NCAA Unbelievably Rules Freshman Basketball Player Ineligible For Church-League Games
The NCAA has once again made a fool of itself. I know, I know, writers like me telling you how absurd the NCAA has become is getting old and tiresome. But, trust me, this time what they did will blow your mind.
This time they took away a year of eligibility for a young man because he played in a church league while he was on a two-year mission in between graduating high school and enrolling in college. Yes, you heard that right, the NCAA is telling him he can’t play college sports because he played in a pickup league.
The rule that the NCAA is trying to enforce is on the books to prevent young players from using outside leagues after their high school playing days are over to hone their skills in order to play at the collegiate level. The rule itself is a good one, but this is obviously not what happened here. This is another case of the NCAA not understanding the difference between the letter of the law and the intent.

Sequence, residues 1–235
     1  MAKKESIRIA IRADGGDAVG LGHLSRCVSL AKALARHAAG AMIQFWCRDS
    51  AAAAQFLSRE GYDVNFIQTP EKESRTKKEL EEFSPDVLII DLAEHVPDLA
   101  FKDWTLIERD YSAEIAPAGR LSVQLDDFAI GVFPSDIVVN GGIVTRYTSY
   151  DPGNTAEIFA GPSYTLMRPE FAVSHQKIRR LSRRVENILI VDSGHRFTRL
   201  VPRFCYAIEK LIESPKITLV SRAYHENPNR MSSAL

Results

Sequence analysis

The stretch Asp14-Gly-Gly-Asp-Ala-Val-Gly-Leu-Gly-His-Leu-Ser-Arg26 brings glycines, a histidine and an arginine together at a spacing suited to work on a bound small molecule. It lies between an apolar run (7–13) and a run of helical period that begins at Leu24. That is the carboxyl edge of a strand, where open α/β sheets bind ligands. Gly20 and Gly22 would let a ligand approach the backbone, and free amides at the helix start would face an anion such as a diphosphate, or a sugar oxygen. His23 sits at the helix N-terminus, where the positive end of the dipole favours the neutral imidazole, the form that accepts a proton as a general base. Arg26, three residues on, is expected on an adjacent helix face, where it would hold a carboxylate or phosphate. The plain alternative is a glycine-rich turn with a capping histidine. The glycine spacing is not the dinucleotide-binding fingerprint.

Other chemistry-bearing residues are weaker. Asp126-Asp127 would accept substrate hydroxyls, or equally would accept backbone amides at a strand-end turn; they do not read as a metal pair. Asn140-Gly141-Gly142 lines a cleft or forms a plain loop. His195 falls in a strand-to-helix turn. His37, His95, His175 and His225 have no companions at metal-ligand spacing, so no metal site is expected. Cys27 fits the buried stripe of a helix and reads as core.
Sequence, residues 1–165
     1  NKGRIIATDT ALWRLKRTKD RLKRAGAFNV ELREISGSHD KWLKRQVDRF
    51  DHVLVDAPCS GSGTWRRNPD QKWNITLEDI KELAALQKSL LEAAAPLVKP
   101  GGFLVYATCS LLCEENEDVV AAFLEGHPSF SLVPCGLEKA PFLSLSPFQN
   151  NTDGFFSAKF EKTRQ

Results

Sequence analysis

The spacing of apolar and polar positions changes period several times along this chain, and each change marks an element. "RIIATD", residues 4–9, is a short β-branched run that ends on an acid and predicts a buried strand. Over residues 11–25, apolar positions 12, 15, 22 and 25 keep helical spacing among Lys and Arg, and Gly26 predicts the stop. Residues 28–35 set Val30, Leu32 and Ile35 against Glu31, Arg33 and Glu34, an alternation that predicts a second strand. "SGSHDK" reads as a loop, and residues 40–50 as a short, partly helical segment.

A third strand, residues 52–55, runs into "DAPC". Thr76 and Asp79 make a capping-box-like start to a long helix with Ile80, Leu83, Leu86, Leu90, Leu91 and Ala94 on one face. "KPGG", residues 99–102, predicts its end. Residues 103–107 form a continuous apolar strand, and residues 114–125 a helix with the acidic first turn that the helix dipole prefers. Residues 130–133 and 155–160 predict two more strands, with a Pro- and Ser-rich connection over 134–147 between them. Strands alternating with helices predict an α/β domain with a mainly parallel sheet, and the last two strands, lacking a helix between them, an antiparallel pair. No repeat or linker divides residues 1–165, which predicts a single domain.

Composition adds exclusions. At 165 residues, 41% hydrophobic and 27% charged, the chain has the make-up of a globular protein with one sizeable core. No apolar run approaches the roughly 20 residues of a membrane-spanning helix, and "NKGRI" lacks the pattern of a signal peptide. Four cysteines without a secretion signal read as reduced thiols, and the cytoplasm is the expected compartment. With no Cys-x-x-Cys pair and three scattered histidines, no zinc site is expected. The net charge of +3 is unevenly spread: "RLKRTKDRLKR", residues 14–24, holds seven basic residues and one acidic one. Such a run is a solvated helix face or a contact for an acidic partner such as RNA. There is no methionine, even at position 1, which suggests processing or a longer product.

Nathan Harries, a freshman at Colgate, is a devout Mormon who decided to hold off on college for two years so that he could serve a religious mission, something many young Mormon men do. He wasn’t taking time off so that he could walk into college a better player, he was taking time off so that he could walk into college having made the world a better place.
The NCAA has become a joke. Their rules have no meaning because of they are selectively enforced. Well, more truthfully, they are enforced only in situations where they have an easy time finding the evidence they feel they need to justify their actions. Way to go after the low-hanging fruit, NCAA.
The whole collegiate sports framework is broken, but I had at least thought that lower-tiered programs like Colgate could hold onto the last vestiges of an archaic system. If there were any doubts left, the NCAA has clearly showed us they have no ability to properly watch over college sports anymore.
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